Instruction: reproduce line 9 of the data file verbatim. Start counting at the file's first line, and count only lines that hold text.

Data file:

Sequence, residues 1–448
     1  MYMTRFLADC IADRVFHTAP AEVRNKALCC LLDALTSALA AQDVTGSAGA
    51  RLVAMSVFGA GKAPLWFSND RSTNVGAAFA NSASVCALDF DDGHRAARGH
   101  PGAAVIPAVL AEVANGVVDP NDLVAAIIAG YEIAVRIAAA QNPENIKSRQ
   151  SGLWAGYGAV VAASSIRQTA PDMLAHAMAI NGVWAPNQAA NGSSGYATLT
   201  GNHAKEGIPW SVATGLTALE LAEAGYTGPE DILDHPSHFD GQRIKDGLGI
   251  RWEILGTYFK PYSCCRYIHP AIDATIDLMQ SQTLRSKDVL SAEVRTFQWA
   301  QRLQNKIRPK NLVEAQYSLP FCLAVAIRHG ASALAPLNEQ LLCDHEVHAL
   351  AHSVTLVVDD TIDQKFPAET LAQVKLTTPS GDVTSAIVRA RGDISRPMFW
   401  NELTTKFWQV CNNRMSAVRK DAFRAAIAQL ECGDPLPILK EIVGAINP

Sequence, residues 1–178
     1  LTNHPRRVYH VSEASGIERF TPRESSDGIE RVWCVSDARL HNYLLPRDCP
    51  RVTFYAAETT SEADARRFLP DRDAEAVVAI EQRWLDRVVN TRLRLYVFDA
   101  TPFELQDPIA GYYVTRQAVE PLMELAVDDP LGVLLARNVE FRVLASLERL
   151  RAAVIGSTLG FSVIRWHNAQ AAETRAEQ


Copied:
   351  AHSVTLVVDD TIDQKFPAET LAQVKLTTPS GDVTSAIVRA RGDISRPMFW